I think it’s important to note that Fonts have been facing an even more severe resolution-independence problem for decades, and have mostly solved it. The same font can be rendered well on a 1200 DPI printer, and a 72 PPI display. That’s a much bigger resolution disparity then a computer interface will ever have to deal with, because by the time a screen close to the resolution of a 1200 DPI printer is common, nobody will be using 72 PPI displays anymore (they aren’t even sold today).

Early fonts were bitmap fonts — a collection of bitmaps of what the font should look like at a particular scaling. But today vector fonts have replaced bitmapped fonts on the desktop, and even the iPhone. Vector fonts let us do amazing things with scaling (font specific stuff starts at 1:18). Vector fonts have been such an unqualified success, that it’s hard to imagine vector images not replacing bitmapped images for interface elements.

When Will It Happen

Jeff Atwood “did some research to document how far we’ve come in display resolution over the last twenty years.”



Size DPI
Original Macintosh
512 x 342 9″ (8.5″) 72


640 x 350 13″ (12.3″) 60
Apple Multiple Scan 17 Display
1024 x 768 17″ (16.1″) 80

Apple Cinema HD display

2560 x 1600 30″ 100

I used the Tag studios Monitor DPI calculator to arrive at the DPI numbers in the above table. I couldn’t quite figure out what the actual displayable area of those early CRT monitors were, so I estimated about 5% non-displayable area based on the diagonal measurement.

Regardless, it’s sobering to consider that the resolution of computer displays has increased by less than a factor of two over the last twenty years. Sure, displays have gotten larger– much larger– but actual display resolution in terms of pixels per inch has only gone up by a factor of about 1.6.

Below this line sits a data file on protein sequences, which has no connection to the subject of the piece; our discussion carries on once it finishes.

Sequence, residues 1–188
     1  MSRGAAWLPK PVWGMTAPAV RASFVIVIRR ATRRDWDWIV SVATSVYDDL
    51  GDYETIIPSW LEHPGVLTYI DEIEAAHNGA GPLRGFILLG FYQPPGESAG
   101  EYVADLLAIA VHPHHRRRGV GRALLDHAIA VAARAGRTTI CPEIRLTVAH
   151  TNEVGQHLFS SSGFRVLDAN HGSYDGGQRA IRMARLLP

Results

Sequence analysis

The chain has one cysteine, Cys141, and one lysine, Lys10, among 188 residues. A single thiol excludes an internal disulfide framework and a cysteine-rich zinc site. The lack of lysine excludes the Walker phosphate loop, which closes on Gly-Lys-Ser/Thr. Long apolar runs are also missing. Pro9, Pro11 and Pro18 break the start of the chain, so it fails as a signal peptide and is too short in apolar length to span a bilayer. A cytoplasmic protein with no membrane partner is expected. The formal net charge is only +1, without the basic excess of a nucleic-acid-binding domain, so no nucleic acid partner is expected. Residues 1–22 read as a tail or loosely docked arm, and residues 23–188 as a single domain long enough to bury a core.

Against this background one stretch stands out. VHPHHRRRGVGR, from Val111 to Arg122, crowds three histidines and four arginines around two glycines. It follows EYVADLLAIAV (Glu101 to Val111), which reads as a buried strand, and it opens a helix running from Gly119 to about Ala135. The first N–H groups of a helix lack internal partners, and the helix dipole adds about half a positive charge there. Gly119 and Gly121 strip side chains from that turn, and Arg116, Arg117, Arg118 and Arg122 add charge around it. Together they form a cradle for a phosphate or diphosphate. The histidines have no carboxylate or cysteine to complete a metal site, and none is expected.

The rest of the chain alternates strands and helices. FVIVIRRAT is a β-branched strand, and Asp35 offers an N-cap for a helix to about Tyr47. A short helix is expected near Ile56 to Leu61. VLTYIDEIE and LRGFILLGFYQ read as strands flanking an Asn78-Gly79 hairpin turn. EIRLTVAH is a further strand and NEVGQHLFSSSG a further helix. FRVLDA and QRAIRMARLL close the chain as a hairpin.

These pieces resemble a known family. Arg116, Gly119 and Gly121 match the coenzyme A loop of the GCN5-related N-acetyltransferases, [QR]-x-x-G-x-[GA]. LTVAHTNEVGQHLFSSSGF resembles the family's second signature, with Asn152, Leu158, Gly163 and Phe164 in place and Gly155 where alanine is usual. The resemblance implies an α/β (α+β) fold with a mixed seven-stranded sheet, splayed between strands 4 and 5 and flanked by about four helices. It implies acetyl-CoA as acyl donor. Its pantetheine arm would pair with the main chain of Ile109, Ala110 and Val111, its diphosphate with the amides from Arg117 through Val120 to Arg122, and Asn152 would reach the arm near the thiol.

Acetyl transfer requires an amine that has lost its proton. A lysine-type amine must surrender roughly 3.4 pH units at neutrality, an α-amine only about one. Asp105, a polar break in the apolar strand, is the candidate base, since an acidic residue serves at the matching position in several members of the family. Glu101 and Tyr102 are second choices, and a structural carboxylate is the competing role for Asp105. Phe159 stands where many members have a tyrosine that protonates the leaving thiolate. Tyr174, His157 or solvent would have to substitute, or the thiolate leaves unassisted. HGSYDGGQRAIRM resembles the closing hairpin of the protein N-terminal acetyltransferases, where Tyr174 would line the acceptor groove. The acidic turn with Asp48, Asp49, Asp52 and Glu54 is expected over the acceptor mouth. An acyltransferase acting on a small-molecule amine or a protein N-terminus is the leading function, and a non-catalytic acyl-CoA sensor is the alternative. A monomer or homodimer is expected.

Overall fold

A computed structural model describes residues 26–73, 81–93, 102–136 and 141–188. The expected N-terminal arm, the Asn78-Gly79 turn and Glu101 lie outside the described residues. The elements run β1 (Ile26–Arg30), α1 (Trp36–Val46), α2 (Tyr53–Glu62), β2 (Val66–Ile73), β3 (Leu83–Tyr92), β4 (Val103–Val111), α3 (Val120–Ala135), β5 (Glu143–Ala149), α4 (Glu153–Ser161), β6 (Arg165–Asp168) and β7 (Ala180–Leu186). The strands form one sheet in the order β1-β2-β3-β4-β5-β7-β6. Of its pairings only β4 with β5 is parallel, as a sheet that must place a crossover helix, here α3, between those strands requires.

I can’t think of any other piece of computer hardware that has improved so little since 1984.

It certainly doesn’t not look like we will get 300 PPI displays anytime soon! At the present rate, it will be decades before a $2000 display matches the clarity of a $20 printer.

However today’s smarphones and small-devices have much sharper screens then computers. The first generation iPhone is 160 PPI, the Kindle is 167 PPI. Now these are much smaller screens then full-sized computers use, and I don’t know how cost-effective it is to scale the screens up from 3.5″ to 30″. But I do know that significantly higher resolution displays are being produced in increasing volume today for smartphone. So we may be fortunate enough to have, say 180 PPI, displays many years sooner then Atwood’s data suggests.

UPDATE 2009-02-11: Wikipedia’s list of devices by PPI lists some very high PPI devices. The Sony Ericsson X1
phone has broken the 300 PPI “readability threshold”
. The Fujitsu Lifebook U820 has a 270 PPI display. But the screen is only slightly bigger then the Osborne 1 “portable” computer of 1981. Still, if history is any indicator, once better technology is actually sold, it catches on very quickly.